Millennie Al wrote:
Fri Feb 05, 2021 4:04 am
And to give an example of something obviously wrong, see the document Money creation in the modern economy (https://www.bankofengland.co.uk/-/media ... conomy.pdf) referred to by monkey. On page 15 arguing that it is a myth that banks use deposits to enable them to make loans it says:
Saving does not by itself increase the deposits or ‘funds available’ for banks to lend.
[/qoute]

then on page 18 it is explaining that a bank cannot just create arbitrarily more money as it is limited by its reserves and:



which is effectively saying direct opposite to the first quote.


And finally, the best sign of economists being useless is that they can explain everything yet predict very little.
Those two sentences are only contradictory if you take the first out of context and ignore what they mean by "by itself". The first is in a section telling you that banks don't only lend out money deposited savers. The "by itself" bit of "Saving does not by itself increase the deposits or ‘funds available’ for banks to lend." is important. Taken in context, it's telling you that the amount of loan a bank can make is not limited to the same amount of savers' deposits they have, but the "by itself" implies that the deposits are involved in the limits. So this does not contradict a statement like "By attracting new deposits, the bank can increase its lending..."
I think the context does not change my interpretation. I'll quote a bigger piece:
Two misconceptions about money creation

The vast majority of money held by the public takes the form
of bank deposits. But where the stock of bank deposits comes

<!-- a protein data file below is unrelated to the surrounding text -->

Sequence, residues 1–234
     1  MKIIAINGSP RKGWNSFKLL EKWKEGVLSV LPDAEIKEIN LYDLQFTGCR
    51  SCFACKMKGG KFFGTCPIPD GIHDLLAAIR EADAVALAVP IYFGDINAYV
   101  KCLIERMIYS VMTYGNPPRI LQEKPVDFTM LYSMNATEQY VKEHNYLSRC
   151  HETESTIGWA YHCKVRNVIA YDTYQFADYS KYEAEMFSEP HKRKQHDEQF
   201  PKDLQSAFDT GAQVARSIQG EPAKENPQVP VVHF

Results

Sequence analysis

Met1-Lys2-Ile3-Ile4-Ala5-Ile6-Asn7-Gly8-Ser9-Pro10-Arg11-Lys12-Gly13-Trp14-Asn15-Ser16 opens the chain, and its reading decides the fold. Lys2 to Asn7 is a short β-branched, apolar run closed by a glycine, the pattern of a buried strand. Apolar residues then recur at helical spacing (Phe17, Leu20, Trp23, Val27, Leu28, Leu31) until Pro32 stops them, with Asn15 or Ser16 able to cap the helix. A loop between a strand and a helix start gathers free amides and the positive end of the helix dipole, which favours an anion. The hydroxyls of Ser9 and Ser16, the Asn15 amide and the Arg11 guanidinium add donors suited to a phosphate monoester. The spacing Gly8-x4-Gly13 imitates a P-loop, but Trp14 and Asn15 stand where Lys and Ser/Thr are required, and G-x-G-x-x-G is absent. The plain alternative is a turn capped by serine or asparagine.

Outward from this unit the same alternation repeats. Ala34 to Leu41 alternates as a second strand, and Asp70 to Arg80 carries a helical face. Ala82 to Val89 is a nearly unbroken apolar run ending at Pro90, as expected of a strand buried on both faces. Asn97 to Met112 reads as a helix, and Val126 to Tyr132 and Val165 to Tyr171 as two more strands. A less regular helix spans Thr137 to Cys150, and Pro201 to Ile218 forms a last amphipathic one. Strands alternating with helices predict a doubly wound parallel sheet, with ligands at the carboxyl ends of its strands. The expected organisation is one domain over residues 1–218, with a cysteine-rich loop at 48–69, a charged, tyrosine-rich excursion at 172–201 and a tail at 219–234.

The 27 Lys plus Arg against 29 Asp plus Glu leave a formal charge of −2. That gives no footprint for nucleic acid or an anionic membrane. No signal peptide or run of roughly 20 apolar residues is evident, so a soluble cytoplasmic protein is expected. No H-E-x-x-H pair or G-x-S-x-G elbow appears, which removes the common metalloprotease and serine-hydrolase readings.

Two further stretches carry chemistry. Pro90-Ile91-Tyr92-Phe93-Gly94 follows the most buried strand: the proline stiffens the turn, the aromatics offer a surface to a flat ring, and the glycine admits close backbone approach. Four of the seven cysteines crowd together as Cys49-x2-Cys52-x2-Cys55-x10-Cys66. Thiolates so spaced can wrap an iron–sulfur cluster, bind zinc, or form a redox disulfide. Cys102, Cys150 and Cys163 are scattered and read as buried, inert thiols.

from is often misunderstood. One common misconception is
that banks act simply as intermediaries, lending out the
deposits that savers place with them. In this view deposits
are typically ‘created’ by the saving decisions of households,
and banks then ‘lend out’ those existing deposits to borrowers,
for example to companies looking to finance investment or
individuals wanting to purchase houses.


In fact, when households choose to save more money in bank
accounts, those deposits come simply at the expense of
deposits that would have otherwise gone to companies in
payment for goods and services. Saving does not by itself
increase the deposits or ‘funds available’ for banks to lend.
Indeed, viewing banks simply as intermediaries ignores the fact
that, in reality in the modern economy, commercial banks are
the creators of deposit money. This article explains how,
rather than banks lending out deposits that are placed with
them, the act of lending creates deposits — the reverse of the
sequence typically described in textbooks.(3)
I think most people would undersatand this to be saying that deposits are irrelevant to lending. Especially the bit saying "rather than banks lending out deposits that are placed with them, the act of lending creates deposits — the reverse of the sequence typically described in textbooks.". This is not saying that only some deposits get lent out or that it is an oversimplification to say that deposits are lent out - it says "rather than", which means it is saying that that is actually false.
And if something breaks while you are applying force to it, the bits still obey the same laws they did when they were in one piece - the rules stay the same, things just got more complicated. In a way you did a good analogy, but it was about lies to children, rather than things being wrong.
The point is that you cannot accelerate things without limit - see https://what-if.xkcd.com/1/ for what happens if you try it with air - it ceases to be air.